A director's lot is an increasingly unhappy one, as they face ever more regulation and scrutiny of their work.
The burden looks set to increase with the introduction of EU measures, UK legislation and regular reviews of the myriad governance codes.
The European Union Company Law and Corporate Governance Action Plan aims to "deliver an integrated and modern company law and corporate governance framework" in the EU.
So, as far as UK directors are concerned, the first two recommendations - concerning the role of non-executive directors and directors' remuneration - cover no new ground. However, future proposals include a strategy to prevent financial and corporate malpractice, and a directive holding directors collectively responsible for the accuracy of information that they publish.
The Sarbanes-Oxley Act applies to all companies registered or required to file reports with the US Securities and Exchange Commission, including any company with more than 300 US shareholders. Among other provisions, it makes chief executive and chief financial officers personally responsible to the company, shareholders and third parties for the company's financial statements.
The Operating Financial Review and Directors' Report Regulations are expected to be passed by the House of Lords and then come into force on April 1 2005. If implemented, they will increase the information required to be included in directors' reports.
Furthermore, directors of quoted companies will have to produce an OFR, detailing the company's strategies and the potential for them to succeed. Those failing to comply will risk criminal sanctions, including an unlimited fine.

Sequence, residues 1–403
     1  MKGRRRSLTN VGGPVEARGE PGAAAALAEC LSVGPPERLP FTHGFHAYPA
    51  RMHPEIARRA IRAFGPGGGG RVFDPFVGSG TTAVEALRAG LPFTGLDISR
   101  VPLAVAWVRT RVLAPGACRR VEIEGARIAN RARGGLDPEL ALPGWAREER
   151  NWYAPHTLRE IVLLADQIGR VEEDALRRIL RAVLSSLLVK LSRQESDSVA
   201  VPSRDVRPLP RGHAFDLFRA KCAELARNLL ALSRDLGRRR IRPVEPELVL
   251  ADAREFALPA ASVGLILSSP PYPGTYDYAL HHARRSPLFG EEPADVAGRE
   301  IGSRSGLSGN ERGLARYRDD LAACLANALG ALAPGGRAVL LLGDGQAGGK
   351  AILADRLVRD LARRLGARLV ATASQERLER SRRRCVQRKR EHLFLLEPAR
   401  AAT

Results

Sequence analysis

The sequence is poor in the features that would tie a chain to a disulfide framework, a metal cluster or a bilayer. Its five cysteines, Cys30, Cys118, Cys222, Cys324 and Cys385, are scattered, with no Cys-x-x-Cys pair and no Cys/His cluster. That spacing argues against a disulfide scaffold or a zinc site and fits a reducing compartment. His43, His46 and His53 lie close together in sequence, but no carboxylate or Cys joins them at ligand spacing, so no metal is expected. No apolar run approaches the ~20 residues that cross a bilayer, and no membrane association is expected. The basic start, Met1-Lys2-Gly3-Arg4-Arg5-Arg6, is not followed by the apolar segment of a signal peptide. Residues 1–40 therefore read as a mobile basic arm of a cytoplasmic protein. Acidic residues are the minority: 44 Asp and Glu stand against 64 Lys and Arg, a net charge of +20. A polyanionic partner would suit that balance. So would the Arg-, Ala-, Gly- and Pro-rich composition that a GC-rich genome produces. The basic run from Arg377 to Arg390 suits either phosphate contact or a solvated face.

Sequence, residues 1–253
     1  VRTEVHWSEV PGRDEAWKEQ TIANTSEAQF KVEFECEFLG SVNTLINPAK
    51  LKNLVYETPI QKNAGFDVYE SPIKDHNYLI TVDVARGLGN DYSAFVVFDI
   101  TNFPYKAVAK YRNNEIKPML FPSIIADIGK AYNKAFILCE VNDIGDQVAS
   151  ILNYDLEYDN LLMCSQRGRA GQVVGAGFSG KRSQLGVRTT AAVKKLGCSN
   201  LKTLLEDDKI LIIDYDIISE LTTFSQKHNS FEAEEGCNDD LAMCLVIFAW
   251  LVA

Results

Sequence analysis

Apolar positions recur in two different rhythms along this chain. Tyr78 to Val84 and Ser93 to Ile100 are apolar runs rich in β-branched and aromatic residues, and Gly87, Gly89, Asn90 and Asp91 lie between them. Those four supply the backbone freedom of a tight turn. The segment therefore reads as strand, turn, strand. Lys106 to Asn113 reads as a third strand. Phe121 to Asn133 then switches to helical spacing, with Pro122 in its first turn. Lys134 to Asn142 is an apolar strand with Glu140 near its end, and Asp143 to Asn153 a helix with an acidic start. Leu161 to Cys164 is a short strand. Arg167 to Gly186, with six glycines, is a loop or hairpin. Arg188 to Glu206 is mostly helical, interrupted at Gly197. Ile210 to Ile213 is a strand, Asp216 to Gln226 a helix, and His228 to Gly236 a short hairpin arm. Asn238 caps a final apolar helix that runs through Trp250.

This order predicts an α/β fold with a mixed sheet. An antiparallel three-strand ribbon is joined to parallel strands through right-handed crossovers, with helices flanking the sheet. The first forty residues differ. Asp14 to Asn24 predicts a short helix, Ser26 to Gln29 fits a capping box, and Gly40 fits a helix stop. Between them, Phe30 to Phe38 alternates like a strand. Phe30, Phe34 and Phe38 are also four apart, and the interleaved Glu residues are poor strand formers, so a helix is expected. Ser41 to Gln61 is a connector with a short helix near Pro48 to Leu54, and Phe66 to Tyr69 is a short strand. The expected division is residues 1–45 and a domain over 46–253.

The Department of Trade and Industry's Company Law Review is a long-term fundamental review of company law, led by an independent steering group. It is expected to lead to amendments to the 1985 Companies Act, to include a statutory statement of directors' duties.
Increasing regulation looks, at first, to be good news for companies and investors, leading to greater financial security and the punishment of rogue directors. On closer inspection, however, increased corporate governance poses real dangers.
High-profile reports have begun to demonstrate that, across Asia, Europe and the US, would-be directors are refusing positions on boards to avoid the risk of personal liability. It is also clear that directors are demanding significantly more money - partly to outweigh the risks they are taking and also because today's directorships demand increased diligence and time.
This is a rapidly developing area of law and it is almost impossible for a director to read the huge volume of relevant material. But it is essential for directors and investors to try to keep up to date with the main developments and to have a high-level understanding of the main issues, so as to be able to defend their rights and avoid unnecessary liability.
Graham Huntley is a litigation partner at Lovells